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Genetic Study Ties Higher Alcohol Consumption To Increased PAD & Stroke Risk

11 months, 1 week ago

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Posted on May 05, 2020, 2 p.m.

Recent research published in the journal Circulation: Genomic and Precision Medicine has shown higher alcohol consumption to be associated with an increased risk of developing peripheral artery disease or having a stroke. 

Several observational studies have consistently shown the association between heavy alcohol consumption with an increased risk for certain cardiovascular diseases, but they often use self-reported data making them unable to determine cause. This study used the Mendekian randomization technique to identify genetic variants with known associations to potential risk factors to determine the potential degree of disease risk. 

"Since genetic variants are determined at conception and cannot be affected by subsequent environmental factors, this technique allows us to better determine whether a risk factor—in this case, heavy alcohol consumption—is the cause of a disease, or if it is simply associated," said Susanna Larsson, Ph.D., senior researcher and associate professor of cardiovascular and nutritional epidemiology at Karolinska Institutet in Stockholm, Sweden. "To our knowledge, this is the first Mendelian randomization study on alcohol consumption and several cardiovascular diseases."

Genetic data was analyzed from several large scale consortia as well as the UK Biobank following the health and well being of 500,000 UK residents. Results indicated that higher alcohol consumption has a 3 fold increased risk of PAD, a 27% increase in stroke incidence, and some evidence for a positive association with coronary artery disease; it was noted that the study suggests the mechanism by which higher consumption was associated with the risk of PAD and stroke may be blood pressure.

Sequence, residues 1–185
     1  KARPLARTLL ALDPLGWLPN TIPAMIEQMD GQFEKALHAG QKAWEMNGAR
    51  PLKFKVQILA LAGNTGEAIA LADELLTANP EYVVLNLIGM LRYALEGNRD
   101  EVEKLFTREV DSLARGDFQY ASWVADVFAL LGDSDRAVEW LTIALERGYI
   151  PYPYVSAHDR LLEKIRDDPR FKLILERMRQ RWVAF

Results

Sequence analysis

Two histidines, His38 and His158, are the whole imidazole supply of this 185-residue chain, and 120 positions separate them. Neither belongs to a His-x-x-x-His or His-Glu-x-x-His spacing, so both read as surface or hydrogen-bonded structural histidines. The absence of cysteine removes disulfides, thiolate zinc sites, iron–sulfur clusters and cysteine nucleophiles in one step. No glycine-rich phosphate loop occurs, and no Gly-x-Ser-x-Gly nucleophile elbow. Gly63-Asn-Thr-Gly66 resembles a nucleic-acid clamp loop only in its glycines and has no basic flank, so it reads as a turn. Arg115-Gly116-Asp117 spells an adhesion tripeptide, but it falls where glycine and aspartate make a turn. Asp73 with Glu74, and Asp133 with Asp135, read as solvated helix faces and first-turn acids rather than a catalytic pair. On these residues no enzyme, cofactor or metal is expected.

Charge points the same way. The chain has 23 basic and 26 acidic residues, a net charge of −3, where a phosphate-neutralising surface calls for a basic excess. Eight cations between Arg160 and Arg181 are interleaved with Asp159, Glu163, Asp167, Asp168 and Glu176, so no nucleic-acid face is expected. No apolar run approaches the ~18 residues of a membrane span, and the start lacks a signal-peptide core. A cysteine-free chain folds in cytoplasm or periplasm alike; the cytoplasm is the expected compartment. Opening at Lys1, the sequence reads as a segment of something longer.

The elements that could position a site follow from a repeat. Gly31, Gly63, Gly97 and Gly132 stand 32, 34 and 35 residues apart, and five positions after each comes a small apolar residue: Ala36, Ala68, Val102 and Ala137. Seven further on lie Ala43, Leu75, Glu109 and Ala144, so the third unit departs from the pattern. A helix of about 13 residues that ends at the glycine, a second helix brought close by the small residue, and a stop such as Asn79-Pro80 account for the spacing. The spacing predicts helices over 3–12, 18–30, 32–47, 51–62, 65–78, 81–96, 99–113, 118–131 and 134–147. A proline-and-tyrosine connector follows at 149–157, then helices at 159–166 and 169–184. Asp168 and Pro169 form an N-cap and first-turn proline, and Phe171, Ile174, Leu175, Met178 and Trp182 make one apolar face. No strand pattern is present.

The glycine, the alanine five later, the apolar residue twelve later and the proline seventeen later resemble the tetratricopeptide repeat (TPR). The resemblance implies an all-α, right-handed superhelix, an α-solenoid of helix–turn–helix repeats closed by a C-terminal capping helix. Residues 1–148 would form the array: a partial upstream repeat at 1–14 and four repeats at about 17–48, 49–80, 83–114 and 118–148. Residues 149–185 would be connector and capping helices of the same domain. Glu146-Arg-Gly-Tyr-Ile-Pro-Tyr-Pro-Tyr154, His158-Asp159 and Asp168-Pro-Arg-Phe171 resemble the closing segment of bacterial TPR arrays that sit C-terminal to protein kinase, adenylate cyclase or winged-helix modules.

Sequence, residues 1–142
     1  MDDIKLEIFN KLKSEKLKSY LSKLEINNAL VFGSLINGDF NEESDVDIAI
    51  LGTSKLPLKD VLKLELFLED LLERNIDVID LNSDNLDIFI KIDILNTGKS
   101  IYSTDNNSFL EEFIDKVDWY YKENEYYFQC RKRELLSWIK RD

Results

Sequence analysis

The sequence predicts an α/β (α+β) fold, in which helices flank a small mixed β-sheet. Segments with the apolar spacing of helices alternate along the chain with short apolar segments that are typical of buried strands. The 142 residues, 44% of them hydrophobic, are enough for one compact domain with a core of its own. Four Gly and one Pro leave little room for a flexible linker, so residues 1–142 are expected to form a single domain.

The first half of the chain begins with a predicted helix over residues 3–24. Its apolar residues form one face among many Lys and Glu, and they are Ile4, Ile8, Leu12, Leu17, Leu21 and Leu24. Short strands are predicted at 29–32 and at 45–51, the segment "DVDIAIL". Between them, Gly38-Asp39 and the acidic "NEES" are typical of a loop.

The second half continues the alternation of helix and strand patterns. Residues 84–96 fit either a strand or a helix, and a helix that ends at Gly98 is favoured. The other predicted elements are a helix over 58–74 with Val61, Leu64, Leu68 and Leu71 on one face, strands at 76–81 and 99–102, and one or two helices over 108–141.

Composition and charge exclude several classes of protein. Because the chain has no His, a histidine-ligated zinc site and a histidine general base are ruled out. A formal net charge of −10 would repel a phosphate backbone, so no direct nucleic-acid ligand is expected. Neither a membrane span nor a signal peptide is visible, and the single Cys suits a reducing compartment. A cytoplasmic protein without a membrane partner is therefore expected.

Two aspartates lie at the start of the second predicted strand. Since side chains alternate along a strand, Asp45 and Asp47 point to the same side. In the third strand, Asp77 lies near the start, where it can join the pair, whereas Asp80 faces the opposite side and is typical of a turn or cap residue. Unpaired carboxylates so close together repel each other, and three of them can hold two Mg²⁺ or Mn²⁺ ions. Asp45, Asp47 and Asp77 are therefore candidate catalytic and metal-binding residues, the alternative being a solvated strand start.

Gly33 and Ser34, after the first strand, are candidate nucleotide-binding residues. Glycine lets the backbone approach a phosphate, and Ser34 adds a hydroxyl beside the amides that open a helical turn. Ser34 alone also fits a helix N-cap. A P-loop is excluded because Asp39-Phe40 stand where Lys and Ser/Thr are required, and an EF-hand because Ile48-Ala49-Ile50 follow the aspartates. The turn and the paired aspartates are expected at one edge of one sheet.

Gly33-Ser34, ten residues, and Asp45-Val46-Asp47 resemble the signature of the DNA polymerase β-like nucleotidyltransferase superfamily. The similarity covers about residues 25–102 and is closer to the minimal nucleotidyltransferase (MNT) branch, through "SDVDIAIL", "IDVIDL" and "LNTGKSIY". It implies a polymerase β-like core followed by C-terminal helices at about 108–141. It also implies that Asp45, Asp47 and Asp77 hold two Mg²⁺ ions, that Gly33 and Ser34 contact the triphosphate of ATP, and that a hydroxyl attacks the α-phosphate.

"Higher alcohol consumption is a known cause of death and disability, yet it was previously unclear if alcohol consumption is also a cause of cardiovascular disease. Considering that many people consume alcohol regularly, it is important to disentangle any risks or benefits," Larsson said.

The American Heart Association believes that alcohol intake can be a part of an adult healthy diet if limited to be consumed in moderation of no more than one drink per day for woman and no more than two drinks per day for men, pregnant women should not drink alcohol at all and neither should anyone when there is a risk to existing health conditions, medication alcohol interaction, or risks to personal safety as well as work safety conditions. One drink is the equivalent to 12 ounces of 5% beer, 5 ounces of 12% wine, or 1.5 ounces of 80 proof distilled spirits. 

This study was not without limitations such as the prevalence of heavy drinking being low in the Biobank, and it being unlikely that the burden of increased risk of CVD is restricted to heavy drinkers alone, as well as the exact amount and frequency of the alcohol consumed could not be quantified for this study. The authors note that the causal role of alcohol consumption on CVD other than PAD and stroke requires additional research. 

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